In an age when there’s almost nothing our two major political parties can agree about, it seems there’s one exception: besmirching General William “Wild Bill” Donovan, the founder of World War II’s Office of Strategic Services (OSS), the World War II predecessor to the Central Intelligence Agency and the United States Special Operations Command (USSOCOM), and one of America’s greatest patriots. Donovan is the only person in American history to receive our nation’s four highest decorations, including the Medal of Honor.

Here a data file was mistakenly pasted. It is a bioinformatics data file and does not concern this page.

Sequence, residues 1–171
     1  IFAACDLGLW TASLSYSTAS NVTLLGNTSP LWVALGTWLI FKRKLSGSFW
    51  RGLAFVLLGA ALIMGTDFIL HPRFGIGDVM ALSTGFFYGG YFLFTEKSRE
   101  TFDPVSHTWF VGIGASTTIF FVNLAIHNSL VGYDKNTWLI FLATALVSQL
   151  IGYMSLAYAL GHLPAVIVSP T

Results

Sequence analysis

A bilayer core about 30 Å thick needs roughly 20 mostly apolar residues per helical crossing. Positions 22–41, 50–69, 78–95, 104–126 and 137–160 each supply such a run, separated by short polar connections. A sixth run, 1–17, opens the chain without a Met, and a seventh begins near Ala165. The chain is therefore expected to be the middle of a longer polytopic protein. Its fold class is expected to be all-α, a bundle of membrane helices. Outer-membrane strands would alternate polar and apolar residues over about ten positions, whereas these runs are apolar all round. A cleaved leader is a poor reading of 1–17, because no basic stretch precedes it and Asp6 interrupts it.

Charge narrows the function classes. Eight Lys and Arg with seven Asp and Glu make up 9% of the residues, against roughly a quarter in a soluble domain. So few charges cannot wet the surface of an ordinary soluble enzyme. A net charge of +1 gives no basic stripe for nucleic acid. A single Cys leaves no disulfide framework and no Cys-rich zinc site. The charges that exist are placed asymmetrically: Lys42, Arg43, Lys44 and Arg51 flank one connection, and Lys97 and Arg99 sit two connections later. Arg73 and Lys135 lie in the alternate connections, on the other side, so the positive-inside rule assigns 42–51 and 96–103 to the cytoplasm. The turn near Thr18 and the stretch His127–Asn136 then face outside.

He was a visionary leader whose combination of intellectual and physical prowess defined the ideal OSS candidate: “A Harvard Ph.D. who can handle himself in a bar fight.” His lifelong service to the United States began in World War I and lasted until the Cold War. In creating the OSS, he formed a close alliance with President Franklin Roosevelt (who called Donovan his “secret legs” and sent him to Great Britain in 1940 as his personal emissary) despite strong political differences between the two men. Donovan fought entrenched Washington interests that were threatened by his revolutionary intelligence organization. Donovan said he had greater enemies in Washington than Hitler had in Europe.
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